Drive

Of all the good things that Twitter has brought to the world, like the increased awareness of cultures outside of your own and the freedom to complain about what your friends are posting on Facebook, surely the most important thing is the ability to see celebrities get mad about stuff just like normal people do. It’s even better when the stuff that a celebrity is mad about involves another celebrity, because that means there’s a chance they could bump into each other in real life and start throwing punches. We all win in a situation like that.

Sadly, the recent Twitter feud between Patton Oswalt and Albert Brooks didn’t end in a fistfight, but that’s probably because they were really fighting with Esquire magazine, not each other. As told in this Daily Dot post, Oswalt was recently featured in an Esquire article that presented him as “the dean of the Famous School For Comedians,” an homage to a comedy bit that Albert Brooks came up with for the magazine back in 1971. Being a fan of Brooks (and who isn’t?), Oswalt thought the piece was all in good fun and he even tweeted it at Brooks, who—as it turns out—had no idea that Esquire was ripping off his idea. Apparently Esquire didn’t see Drive, because Albert Brooks can be pretty scary when he gets mad.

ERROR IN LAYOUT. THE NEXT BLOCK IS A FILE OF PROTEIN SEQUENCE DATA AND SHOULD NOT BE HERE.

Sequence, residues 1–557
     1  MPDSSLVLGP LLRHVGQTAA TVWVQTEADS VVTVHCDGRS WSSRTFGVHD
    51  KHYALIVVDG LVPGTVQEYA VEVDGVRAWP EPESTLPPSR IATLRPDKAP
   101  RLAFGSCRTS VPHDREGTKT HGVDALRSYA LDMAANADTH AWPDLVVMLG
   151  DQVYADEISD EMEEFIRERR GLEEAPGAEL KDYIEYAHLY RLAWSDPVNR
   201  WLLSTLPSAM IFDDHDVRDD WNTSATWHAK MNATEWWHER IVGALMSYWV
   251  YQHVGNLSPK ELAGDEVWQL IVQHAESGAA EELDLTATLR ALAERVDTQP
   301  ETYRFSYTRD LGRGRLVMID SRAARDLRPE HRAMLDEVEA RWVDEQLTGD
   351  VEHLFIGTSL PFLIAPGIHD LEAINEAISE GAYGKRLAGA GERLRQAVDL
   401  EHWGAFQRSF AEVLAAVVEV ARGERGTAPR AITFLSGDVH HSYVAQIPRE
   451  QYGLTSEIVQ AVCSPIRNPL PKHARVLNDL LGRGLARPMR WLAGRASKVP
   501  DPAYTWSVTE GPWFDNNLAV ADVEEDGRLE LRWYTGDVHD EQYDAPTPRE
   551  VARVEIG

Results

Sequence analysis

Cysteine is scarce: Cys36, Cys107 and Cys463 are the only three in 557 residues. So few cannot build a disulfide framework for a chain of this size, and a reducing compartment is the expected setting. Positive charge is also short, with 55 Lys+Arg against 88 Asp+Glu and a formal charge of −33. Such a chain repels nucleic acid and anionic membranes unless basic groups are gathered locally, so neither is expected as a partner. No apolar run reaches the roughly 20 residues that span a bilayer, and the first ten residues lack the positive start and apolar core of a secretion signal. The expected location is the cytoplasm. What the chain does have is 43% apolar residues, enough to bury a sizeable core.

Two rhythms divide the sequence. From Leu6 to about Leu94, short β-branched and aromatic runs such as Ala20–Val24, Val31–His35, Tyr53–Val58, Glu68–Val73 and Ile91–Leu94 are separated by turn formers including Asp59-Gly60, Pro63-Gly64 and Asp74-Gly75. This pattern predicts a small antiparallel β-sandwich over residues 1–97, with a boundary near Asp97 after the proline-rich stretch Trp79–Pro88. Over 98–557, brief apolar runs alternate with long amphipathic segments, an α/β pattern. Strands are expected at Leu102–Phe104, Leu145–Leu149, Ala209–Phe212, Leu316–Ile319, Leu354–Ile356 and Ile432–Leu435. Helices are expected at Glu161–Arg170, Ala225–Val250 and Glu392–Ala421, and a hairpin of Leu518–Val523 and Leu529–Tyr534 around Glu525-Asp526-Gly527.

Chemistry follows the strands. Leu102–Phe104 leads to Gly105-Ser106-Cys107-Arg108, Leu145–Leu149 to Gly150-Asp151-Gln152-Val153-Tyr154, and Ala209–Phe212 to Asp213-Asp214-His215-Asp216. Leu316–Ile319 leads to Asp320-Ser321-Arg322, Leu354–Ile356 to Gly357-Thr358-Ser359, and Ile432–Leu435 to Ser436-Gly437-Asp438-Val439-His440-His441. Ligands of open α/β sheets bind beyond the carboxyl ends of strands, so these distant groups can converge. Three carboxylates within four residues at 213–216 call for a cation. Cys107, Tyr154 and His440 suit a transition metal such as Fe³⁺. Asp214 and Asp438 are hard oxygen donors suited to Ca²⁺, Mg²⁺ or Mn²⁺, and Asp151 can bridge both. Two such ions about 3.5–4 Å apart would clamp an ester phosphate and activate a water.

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And mad he was:

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Eventually, Esquire tweeted something that could be taken as an apology, but is clearly not an apology:

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As for Oswalt, after briefly assuming that Brooks was joking, he later tweeted his own, actual apologies in what Daily Dot describes as “a series of tweets”—because everything has to be “a series of tweets” with Patton Oswalt:

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Brooks accepted Oswalt’s apology, because he’s a cool dude, and then they both agreed that Esquire is stupid.

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Something tells us the magazine is going to have a hard time filling that Famous School For Comedians position next semester.

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